Now, the Smolinskis are asking for help -- from law enforcement to divers to recovery agents -- who may be able to assist in providing a trained team to go into the lake and locate whomever may be in there. Due to the specific terrain, trained teams will be needed, according to the family.

I don't know what - or who - is in there," Jan Smolinski said. "It could be Billy; it could be someone else's loved one; we don't know. I made some calls today to find out who needs to lead the next steps -- to see who should handle this -- and I'm awaiting responses to those questions".

The area was one of three on the search list for Sunday, all selected as a result of tips received in 2013, before the harsh winter halted efforts. Recent warmer temperatures in Connecticut have finally allotted the family better conditions to resume search efforts, and a team of volunteers was assembled. The first area searched, according to Jan Smolinski, did not yield any results; they were unable to gain access to the second location; and then, the third location, "changed everything", she said.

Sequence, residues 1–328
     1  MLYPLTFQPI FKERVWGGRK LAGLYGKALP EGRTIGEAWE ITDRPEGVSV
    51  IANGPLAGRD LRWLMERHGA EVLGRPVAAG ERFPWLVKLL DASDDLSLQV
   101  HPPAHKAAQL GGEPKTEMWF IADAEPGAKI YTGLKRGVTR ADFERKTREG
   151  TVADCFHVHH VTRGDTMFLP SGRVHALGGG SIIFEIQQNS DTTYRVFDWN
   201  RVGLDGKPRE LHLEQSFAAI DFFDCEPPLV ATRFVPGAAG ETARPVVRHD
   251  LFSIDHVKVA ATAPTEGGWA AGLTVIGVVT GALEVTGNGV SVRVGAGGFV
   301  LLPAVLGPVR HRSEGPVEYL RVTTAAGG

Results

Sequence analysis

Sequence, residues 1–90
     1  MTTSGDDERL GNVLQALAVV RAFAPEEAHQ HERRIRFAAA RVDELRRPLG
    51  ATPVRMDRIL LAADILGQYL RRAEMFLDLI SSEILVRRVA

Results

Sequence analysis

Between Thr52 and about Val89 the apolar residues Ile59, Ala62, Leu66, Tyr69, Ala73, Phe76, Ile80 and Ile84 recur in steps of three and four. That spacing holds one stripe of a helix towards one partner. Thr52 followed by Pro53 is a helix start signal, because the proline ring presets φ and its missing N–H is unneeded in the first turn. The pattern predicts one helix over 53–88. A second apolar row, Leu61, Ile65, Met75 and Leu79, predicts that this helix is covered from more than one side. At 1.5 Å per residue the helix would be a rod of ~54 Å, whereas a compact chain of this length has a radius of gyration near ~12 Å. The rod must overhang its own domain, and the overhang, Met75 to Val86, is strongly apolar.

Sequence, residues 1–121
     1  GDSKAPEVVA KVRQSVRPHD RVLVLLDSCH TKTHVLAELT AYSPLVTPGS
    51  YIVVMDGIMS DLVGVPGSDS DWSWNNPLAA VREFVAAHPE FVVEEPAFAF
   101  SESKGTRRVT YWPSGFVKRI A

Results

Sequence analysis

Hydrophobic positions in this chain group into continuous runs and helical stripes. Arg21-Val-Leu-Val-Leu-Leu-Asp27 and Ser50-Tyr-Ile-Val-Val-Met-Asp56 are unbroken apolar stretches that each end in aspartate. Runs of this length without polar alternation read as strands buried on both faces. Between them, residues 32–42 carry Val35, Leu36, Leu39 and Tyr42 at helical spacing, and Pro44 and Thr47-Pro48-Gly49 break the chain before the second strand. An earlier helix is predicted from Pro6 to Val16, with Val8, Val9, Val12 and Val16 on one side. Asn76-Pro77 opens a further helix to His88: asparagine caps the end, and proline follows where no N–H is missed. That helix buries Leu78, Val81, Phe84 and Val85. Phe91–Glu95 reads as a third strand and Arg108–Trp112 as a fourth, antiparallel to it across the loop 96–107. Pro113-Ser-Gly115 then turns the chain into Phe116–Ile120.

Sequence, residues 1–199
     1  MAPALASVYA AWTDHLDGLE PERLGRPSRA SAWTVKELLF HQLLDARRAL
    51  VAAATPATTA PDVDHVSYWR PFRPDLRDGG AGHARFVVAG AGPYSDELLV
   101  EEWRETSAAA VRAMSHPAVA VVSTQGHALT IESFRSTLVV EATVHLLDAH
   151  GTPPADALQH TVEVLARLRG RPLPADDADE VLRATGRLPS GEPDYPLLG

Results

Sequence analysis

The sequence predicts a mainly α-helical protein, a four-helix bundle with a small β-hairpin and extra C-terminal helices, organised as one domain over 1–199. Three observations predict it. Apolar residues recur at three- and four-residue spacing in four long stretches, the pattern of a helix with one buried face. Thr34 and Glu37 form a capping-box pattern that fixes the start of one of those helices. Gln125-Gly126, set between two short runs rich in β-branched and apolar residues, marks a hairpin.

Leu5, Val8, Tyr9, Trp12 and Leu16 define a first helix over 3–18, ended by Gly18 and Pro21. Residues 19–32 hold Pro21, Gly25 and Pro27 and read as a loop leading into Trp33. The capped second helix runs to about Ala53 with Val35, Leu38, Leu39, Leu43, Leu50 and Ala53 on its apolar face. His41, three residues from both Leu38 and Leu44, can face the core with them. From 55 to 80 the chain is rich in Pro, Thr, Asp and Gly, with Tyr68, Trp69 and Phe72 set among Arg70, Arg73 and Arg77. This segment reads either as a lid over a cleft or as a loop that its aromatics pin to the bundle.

Yesterday was the day," she continued. "He (Murphy) went on full alert: his paws went up on a tree, his nose went up, he sat down, barked, and started into the water. He started swimming and went in circles and wouldn't stop; when we were finally able to get him in, he was shivering".

Upon removing Murphy from the water, a second cadaver dog, described only as a German Shepard, was brought in to evaluate the area; the second dog also hit on the same area in what Jan describes as a "triangle pattern", but did not enter the water.

"We couldn't believe what we were seeing", she said.